Our lovely room in the 17hundred 90 Inn
Highlights:  Savannah, GA.  I’m supremely embarrassed that I’ve never been to Savannah before, given how close it is to where I spent most of my life, but the two days in Savannah were perfection.  Loved it.  Simon too.  As in, ‘I’d like to retire here’ kind of loved it.  Great everything.   We stayed in this incredible place called the 17hundred90 Inn, and were so happy to be there, I think we walked around with stupid looks on our faces for 2 straight days!
Rockin' on Jack's front porch
Also, cliche though it may seem...we took the Jack Daniels Distillery tour in Lynchburg, TN, and it was incredible!  Great story, great organization, and the information was enough to be educational and entertaining without belabouring the point.  A Plus.

Lowlights:  Navigation.  I’m not patient enough with Simon/the GPS, and need to get better about this, or we’re going to fight every day-and I don’t want to be that way.  As mentioned earlier, Simon doesn’t yet understand the logic of the road signage, so for him to tell me what he sees on GPS (as we’re not able to dashboard mount the thingy…), is frequently misleading/incorrect, and causes immense frustration for me.  Must. Get. More. Patient.

Final Thoughts....Frustrations with my fellow Americans aside, I'm stunned at how quickly I've slipped back into the US.  When we flew out of London, I quite genuinely thought I'd be bawling my eyes out on the air plane at the prospect of leaving London.  Nope.  Instead, it was more like:  "Come on, come on, come on...can't this plane go any faster!"  I'm really not sure where that came from to be honest.  
The Riverwalk in Savannah, GA
Olympic Park in Atlanta, GA
And Similarly for Simon, the stress of the last 2 months in London with his father's death/estate were really taking it's toll.  We were fortunate enough to find a solicitor to take over probate just weeks before we departed, and now that they're in full action mode, there isn't much that Simon has to worry about (er...other than selling the house).  Nevertheless, the move here-and the trip in particular- was the perfect opportunity to 'draw a line' (Simon's words) from that stress.  I think we both still need another week or so to really come down, and then I think we'll be really ready to embrace this new adventure to the fullest.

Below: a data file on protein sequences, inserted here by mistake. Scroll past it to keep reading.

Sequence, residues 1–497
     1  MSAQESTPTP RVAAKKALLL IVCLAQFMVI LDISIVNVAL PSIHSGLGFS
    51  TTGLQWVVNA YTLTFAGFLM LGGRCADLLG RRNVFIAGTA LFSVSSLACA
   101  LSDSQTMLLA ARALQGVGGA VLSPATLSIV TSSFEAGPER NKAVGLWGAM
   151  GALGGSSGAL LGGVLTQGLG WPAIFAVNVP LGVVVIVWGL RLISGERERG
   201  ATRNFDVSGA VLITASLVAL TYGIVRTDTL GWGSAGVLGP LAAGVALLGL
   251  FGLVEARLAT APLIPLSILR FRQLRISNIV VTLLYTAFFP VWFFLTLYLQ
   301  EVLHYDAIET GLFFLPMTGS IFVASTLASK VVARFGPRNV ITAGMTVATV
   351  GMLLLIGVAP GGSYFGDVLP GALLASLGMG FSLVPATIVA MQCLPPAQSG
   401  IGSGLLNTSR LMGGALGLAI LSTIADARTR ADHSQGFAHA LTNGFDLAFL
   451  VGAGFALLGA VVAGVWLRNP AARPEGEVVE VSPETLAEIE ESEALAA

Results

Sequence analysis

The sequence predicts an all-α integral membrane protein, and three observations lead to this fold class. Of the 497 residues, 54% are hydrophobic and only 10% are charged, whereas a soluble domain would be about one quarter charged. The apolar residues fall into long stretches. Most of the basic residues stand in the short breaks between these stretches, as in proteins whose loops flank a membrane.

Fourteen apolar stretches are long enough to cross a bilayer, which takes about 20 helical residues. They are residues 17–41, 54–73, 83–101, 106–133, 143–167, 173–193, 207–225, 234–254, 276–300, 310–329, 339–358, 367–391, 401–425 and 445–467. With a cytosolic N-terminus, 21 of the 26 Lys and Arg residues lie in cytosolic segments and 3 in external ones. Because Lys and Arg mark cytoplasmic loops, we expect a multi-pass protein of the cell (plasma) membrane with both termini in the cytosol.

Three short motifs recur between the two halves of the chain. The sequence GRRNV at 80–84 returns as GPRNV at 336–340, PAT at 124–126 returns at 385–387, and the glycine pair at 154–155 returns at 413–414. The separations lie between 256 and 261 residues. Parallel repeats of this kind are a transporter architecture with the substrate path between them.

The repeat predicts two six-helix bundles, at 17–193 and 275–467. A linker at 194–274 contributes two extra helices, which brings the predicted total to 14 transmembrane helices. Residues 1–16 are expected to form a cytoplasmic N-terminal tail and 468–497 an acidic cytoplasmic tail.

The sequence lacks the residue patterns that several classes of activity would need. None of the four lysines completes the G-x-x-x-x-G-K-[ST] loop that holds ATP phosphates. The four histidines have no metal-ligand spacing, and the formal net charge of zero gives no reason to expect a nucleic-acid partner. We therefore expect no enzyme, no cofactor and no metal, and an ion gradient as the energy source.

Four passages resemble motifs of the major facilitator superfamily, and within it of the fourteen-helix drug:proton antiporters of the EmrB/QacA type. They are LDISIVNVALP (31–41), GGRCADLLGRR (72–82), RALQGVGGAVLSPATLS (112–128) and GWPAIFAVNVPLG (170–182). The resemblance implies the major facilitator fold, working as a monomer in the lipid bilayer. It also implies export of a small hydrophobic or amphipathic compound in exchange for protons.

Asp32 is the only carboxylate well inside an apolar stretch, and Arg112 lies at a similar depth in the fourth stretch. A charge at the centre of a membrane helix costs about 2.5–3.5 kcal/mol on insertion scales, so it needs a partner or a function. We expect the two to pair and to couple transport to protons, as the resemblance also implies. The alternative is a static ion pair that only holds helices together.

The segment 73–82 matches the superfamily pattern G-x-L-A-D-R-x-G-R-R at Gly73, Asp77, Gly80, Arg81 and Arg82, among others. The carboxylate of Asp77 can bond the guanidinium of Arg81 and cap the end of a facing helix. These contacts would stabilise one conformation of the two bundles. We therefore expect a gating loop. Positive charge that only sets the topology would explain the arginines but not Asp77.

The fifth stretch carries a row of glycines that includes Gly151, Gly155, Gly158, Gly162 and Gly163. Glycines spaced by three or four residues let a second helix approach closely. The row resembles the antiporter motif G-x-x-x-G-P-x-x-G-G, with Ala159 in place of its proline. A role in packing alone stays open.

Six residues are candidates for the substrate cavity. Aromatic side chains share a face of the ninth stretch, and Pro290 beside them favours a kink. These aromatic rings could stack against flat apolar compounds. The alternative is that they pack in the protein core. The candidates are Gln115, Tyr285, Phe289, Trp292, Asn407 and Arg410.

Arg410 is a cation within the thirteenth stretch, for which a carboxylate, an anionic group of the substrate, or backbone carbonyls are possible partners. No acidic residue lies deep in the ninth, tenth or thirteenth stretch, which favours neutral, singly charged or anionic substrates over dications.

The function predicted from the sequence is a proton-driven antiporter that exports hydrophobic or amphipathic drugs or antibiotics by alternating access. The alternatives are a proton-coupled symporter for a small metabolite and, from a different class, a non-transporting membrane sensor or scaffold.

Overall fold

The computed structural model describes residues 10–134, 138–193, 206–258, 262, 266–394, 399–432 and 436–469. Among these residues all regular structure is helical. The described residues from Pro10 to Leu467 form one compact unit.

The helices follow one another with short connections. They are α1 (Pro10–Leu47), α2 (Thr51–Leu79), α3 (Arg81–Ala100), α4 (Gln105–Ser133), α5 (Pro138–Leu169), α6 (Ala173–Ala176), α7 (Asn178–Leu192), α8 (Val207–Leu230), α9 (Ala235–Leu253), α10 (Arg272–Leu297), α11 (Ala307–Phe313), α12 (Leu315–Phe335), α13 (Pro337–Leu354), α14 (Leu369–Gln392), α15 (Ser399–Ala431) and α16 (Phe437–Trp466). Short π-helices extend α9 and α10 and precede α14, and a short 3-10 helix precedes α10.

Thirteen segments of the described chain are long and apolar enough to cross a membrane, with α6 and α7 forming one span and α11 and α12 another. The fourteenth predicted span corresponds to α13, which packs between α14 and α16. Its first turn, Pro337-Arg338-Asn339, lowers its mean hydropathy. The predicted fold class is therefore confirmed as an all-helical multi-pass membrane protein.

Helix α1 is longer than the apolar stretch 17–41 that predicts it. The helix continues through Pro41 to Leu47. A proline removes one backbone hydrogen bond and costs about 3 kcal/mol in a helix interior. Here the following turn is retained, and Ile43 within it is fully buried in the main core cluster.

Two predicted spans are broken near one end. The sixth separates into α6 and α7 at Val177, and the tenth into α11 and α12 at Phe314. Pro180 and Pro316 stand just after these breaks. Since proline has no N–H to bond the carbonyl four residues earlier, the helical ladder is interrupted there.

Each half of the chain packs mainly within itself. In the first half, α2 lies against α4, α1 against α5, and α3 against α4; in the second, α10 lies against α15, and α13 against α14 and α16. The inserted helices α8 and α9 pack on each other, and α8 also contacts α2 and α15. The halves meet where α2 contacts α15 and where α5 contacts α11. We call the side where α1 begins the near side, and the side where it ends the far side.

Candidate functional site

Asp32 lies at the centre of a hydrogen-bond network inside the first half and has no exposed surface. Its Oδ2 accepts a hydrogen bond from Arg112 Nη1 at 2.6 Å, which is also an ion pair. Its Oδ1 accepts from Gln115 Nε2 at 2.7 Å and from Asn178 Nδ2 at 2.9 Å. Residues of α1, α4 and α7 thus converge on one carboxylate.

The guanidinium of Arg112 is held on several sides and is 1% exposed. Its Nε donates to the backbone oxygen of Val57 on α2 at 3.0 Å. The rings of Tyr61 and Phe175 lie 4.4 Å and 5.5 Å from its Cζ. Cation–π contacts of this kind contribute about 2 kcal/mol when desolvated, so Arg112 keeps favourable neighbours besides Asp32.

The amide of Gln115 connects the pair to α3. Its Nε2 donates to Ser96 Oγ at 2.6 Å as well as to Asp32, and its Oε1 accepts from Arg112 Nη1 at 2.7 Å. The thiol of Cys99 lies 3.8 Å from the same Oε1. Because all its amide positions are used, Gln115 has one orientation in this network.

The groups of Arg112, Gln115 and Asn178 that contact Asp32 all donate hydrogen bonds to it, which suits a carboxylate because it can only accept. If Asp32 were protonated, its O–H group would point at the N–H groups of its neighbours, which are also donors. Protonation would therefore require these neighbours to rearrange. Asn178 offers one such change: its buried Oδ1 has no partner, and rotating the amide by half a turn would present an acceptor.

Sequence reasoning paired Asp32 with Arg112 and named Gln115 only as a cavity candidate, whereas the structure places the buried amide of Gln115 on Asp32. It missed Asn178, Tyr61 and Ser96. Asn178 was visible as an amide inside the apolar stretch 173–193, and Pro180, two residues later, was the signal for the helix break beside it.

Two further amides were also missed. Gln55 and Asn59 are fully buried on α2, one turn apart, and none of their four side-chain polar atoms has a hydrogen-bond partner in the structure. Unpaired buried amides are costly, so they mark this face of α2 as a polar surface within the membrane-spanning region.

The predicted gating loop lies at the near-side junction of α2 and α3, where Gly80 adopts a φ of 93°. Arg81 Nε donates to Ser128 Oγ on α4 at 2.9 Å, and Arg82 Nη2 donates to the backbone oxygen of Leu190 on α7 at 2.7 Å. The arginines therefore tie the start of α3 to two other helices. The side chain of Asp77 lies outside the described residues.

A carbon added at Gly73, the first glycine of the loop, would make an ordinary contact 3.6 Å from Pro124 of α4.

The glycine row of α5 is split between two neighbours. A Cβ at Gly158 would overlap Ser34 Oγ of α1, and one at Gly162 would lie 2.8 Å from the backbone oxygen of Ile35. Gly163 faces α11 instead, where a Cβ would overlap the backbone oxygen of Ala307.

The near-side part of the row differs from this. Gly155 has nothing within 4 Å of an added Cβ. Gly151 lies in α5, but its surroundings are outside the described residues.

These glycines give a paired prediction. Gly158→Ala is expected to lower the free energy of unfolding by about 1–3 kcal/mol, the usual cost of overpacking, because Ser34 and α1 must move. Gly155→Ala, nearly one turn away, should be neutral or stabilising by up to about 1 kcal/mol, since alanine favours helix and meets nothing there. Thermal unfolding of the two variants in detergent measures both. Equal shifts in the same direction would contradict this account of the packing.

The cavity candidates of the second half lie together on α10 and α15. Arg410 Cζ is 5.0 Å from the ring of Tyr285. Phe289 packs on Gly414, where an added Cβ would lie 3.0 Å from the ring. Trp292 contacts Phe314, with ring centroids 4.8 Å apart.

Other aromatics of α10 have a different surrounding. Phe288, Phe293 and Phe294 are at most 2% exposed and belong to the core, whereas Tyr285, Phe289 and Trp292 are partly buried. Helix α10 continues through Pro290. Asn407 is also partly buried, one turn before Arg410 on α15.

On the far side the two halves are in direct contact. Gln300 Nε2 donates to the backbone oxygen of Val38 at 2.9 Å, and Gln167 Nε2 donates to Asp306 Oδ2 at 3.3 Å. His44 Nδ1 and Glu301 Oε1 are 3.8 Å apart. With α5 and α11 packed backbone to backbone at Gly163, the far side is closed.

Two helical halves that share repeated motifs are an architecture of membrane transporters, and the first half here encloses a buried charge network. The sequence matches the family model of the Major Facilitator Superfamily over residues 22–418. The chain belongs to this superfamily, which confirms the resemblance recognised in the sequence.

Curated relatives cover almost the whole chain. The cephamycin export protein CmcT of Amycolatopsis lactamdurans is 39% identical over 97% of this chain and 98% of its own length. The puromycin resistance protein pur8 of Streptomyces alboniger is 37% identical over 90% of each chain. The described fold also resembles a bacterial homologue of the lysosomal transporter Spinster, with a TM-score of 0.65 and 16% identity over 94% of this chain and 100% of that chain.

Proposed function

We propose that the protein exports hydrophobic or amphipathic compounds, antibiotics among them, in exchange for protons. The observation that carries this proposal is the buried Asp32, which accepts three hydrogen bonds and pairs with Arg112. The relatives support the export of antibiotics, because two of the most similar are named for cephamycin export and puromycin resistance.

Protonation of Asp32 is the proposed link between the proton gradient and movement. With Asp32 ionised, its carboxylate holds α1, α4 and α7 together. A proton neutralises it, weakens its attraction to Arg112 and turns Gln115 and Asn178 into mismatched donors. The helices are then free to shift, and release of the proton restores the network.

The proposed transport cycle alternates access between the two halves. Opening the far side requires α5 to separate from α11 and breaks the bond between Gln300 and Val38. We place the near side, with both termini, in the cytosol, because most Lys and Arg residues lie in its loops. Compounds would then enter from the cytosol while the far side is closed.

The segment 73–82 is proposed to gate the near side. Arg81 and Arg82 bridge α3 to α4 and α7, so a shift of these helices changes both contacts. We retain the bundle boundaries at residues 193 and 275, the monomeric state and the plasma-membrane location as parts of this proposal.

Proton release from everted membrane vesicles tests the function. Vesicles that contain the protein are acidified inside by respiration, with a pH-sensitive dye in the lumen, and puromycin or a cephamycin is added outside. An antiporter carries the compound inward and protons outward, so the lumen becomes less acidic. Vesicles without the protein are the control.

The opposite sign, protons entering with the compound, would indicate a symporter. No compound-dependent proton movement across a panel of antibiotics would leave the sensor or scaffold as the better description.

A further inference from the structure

1. a) in this country, it's a cell. not a mobile. haha! I've got that change down, but I'm having trouble with the bin/trash. in time...

    b) your road trip sounds amazing! it's a wonderful way to come back gently, sort of - as you note, it's not real life quite yet. so you have time to readjust to america but without the pressures of normal daily stresses. it seems great!

    have a wonderful rest of your holiday :)

    1. heh.. Betsy, you aren't the first person to correct me on that one! :) I have a feeling, this bizarre 'bi-lingual' confusion will continue for some time...And, as I asked Simon the other day: will we speak American-English or British-English in the home?...

  2. Tell him to post his questions on my blog and all the Brits will be there in a flash to help him! Seriously - I just drove a 7 hour drive up to northern Michigan from Chicago and the road signs still have me in fear. You're happily driving along the road/interstate you need to be on, and all of a sudden there's a dozen signs for different freeways - all except the one you need to be on. Obviously you should stay on the road you're driving on, which I remember to do most of the time, but when it splits right down the middle, it's kind of hard to know what to do.
    Only been here 22 years!

  3. You've just inspired my next post and I will credit you with a link!

    1. LOL. Thanks, Expat Mum. I think after some of the driving conversations/experiences we're sharing, I could possibly write an entire book! :)

  4. Thanks for knowledge share, I will be waiting for future posts